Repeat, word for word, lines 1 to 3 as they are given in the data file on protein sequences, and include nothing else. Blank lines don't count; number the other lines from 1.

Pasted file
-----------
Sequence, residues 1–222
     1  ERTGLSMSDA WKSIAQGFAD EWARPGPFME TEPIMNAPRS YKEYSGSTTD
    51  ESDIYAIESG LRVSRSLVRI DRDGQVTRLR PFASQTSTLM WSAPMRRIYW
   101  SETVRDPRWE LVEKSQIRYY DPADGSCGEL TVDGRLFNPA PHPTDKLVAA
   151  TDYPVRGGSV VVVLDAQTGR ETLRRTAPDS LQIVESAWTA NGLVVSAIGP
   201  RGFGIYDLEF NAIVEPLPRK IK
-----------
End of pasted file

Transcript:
Sequence, residues 1–222
     1  ERTGLSMSDA WKSIAQGFAD EWARPGPFME TEPIMNAPRS YKEYSGSTTD
    51  ESDIYAIESG LRVSRSLVRI DRDGQVTRLR PFASQTSTLM WSAPMRRIYW